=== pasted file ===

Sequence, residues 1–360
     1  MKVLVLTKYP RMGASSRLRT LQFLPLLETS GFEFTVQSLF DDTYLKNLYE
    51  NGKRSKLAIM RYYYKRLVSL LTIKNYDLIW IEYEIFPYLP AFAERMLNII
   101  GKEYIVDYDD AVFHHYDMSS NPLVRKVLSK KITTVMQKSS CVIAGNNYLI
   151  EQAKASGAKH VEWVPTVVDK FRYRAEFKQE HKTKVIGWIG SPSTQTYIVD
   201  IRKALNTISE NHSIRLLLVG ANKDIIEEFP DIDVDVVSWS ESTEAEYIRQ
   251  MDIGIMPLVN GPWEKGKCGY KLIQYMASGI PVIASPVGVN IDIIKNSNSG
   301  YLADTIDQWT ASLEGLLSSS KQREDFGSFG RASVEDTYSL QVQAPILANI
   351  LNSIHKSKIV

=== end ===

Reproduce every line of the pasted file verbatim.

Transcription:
Sequence, residues 1–360
     1  MKVLVLTKYP RMGASSRLRT LQFLPLLETS GFEFTVQSLF DDTYLKNLYE
    51  NGKRSKLAIM RYYYKRLVSL LTIKNYDLIW IEYEIFPYLP AFAERMLNII
   101  GKEYIVDYDD AVFHHYDMSS NPLVRKVLSK KITTVMQKSS CVIAGNNYLI
   151  EQAKASGAKH VEWVPTVVDK FRYRAEFKQE HKTKVIGWIG SPSTQTYIVD
   201  IRKALNTISE NHSIRLLLVG ANKDIIEEFP DIDVDVVSWS ESTEAEYIRQ
   251  MDIGIMPLVN GPWEKGKCGY KLIQYMASGI PVIASPVGVN IDIIKNSNSG
   301  YLADTIDQWT ASLEGLLSSS KQREDFGSFG RASVEDTYSL QVQAPILANI
   351  LNSIHKSKIV